NCCI members highlighted the great work on restoration of the production and conservation landscapes at the 4th Central Indian Landscape Symposium. The above map highlights the sites from our 4 presentations.
To know more - click on the mouseover links on the map and check out the presentations over here.
If you are part of or know of a case study in Central India on restoration please do get in touch with us! We are collating all restoration efforts in the region to understand what approaches are being piloted and even more exciting which approaches are showing signs of success - for people and wildlife to thrive in Central India.
Want to watch the recorded session and deep panel discussion after? Click here to check out our YouTube channel!
~ by Aditi Patil
Rapidly growing road networks contribute to a country’s social and economic development, but this contribution comes at a high price that is paid by wildlife. Roads cutting through wild habitat adversely affect animals, with one of the most distinct impacts being Animal-Vehicle Collisions (AVCs). A recent study conducted by researchers at Dr. Bilal Habib's lab at the Wildlife Institute of India examined factors like animal behavior and traffic characteristics that influence AVCs, and how information about these factors can be used to prevent such accidents.
Increased connectivity through roads is critical for development. However, it increases construction of transport infrastructure, often passing through wild habitat. This poses a risk to wildlife. Animals attempting to cross roads often end up in collisions with vehicles. Notably, there are no natural factors of selection governing AVCs, meaning that these accidents occur entirely by chance. Both healthy and unhealthy individuals in animal populations are equally exposed to the risk. This non selective mortality can negatively affect a population through a loss of healthy individuals. Animals may deliberately begin to avoid crossing roads due to AVCs, thus leading to a barrier to movement. Such barriers will result in isolation of animal populations, and in some cases may even lead to the local extinction of species.
~ by Mansi Monga
The Forest Rights Act enacted by the Parliament in 2006 makes a provision for Community Forest Resource Rights (CFR rights) which are, rights to protect, regenerate, conserve, and manage community forest areas alongside space for three other kinds of rights: Individual Forest Rights (occupation & cultivation), Community Forest Rights (grazing, fuelwood, collection, fishing, ownership and disposal of non-timber forest produce or NTFP) and Development Rights. A recent paper titled - ‘Promoting a responsive state: The role of NGOs in decentralised forest governance in India’ addresses the post-rights scenarios in two cases – villages without active NGOs and villages with active NGOs in the realm of community rights and allowances.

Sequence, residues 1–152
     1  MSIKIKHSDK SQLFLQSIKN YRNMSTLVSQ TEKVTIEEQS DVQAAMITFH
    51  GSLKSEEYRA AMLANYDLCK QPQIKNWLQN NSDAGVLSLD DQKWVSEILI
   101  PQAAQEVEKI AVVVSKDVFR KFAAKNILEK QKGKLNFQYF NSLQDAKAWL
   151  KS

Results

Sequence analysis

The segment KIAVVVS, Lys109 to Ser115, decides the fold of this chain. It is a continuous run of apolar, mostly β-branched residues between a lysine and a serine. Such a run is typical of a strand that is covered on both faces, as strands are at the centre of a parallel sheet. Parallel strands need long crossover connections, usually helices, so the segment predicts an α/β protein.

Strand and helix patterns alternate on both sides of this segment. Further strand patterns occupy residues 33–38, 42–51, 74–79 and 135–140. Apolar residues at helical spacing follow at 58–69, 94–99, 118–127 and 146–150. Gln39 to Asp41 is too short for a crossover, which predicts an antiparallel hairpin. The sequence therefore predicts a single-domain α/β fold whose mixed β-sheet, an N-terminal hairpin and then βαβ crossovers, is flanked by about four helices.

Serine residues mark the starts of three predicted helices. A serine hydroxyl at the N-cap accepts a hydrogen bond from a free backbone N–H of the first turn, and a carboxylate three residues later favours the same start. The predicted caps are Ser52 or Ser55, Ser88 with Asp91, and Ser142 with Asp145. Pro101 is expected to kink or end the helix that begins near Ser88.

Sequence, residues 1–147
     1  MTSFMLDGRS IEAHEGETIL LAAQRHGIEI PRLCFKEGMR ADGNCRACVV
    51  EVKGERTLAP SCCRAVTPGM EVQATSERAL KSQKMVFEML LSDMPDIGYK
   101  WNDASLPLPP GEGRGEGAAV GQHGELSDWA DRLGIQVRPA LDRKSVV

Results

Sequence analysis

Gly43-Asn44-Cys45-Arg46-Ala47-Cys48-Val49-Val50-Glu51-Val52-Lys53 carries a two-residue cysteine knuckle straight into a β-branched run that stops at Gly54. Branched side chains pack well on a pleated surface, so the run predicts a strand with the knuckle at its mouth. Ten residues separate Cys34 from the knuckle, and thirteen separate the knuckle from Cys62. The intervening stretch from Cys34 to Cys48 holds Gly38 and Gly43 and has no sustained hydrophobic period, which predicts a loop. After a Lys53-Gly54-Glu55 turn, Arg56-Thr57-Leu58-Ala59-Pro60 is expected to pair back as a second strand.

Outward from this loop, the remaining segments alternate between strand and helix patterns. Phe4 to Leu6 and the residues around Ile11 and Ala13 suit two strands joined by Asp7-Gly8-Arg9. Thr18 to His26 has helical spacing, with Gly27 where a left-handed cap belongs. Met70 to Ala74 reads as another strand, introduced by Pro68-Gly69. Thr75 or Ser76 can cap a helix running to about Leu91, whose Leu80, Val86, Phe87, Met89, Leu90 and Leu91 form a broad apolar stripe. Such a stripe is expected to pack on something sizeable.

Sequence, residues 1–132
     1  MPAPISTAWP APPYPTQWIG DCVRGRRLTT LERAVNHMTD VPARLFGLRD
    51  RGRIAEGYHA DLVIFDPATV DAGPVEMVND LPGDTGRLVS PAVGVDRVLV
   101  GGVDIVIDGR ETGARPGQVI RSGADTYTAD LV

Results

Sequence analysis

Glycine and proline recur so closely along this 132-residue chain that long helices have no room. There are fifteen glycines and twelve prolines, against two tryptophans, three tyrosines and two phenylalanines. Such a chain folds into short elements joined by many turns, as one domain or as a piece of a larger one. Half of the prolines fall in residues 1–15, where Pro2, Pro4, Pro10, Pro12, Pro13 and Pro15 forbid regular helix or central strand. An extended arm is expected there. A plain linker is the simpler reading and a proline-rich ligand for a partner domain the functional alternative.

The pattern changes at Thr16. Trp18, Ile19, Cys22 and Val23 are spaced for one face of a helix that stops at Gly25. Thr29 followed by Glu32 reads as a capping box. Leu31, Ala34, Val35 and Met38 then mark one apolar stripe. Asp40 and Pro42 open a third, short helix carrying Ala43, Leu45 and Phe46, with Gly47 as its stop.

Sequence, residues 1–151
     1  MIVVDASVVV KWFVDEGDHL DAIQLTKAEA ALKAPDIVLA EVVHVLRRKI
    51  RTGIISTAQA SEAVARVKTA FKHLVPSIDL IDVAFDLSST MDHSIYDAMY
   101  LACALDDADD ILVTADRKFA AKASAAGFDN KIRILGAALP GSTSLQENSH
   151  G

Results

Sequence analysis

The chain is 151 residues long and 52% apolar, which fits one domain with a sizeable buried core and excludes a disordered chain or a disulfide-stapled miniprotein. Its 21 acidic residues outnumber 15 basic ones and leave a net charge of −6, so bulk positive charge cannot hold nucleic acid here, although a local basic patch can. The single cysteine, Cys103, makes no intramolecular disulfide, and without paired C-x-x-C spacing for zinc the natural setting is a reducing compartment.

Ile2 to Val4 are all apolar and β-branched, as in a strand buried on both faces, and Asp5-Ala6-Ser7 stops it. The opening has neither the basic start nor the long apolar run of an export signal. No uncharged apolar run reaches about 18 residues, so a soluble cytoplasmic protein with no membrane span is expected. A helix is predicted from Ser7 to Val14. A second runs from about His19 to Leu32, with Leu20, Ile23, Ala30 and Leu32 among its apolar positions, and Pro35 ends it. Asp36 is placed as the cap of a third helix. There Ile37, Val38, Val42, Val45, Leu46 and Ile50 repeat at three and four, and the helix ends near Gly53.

~ by Prameek Kannan
The paper explores the legal system of indigenous, forest dependent, tribal communities in Central India, and the multiple factors that influence its production. Forest dependent communities are not only an integral part of their ecosystems, but are a crucial ally for conservation initiatives as well. There have been few studies on the legal systems of indigenous tribes in India; this study looks to understand the same using a post-humanism approach. Posthumanism is a philosophy that considers humans in relation to ecology and technology, as opposed to in isolation, and therefore is an appropriate lens with which to view the environmental entities that influence tribal law in these communities. Here, the author looks to look at the role played by non-human entities in the production of the legal systems of these tribes.
~ by Archita Sharma
Two conservation priority landscapes in India - the Western Ghats and Central India remain major strongholds for several endemic and threatened species. However, urbanization and land conversion have resulted in wide-scale habitat fragmentation in both the landscapes. Fragmentation can alter how animals move across a landscape.
Wide-ranging mammals are particularly affected because they travel long distances to forage, breed, and find new territories. Identifying where and how have the mammalian movements been impacted at large regional scales will be critical in ensuring habitat connectivity and preventing local extinctions.
A new study published in Biological Conservation evaluated landscape-wide permeability to the movement of five endangered and vulnerable mammals - Asian Elephant, Gaur, Leopard, Sambar, and Sloth Bear in these two priority landscapes. The expansive study area covered 120,000 km2 of the Western Ghats and 729,000 km2 of the Central Indian region. For each of the five study species, the researchers modelled movement in the presence and absence of landscape features such as land-use land-cover, infrastructure and human population. They generated spatially explicit maps identifying areas where animal movement is impeded, reduced, unrestricted, increased, and channeled. These categories can be interpreted as follows – movement is impeded and reduced due to underlying high resistance landscape features, unrestricted due to underlying low resistance areas, finally increased and channeled due to high resistance surrounding landscape features.
Project Spotlight highlights our members' work in Central India.
|Network for Conserving Central India||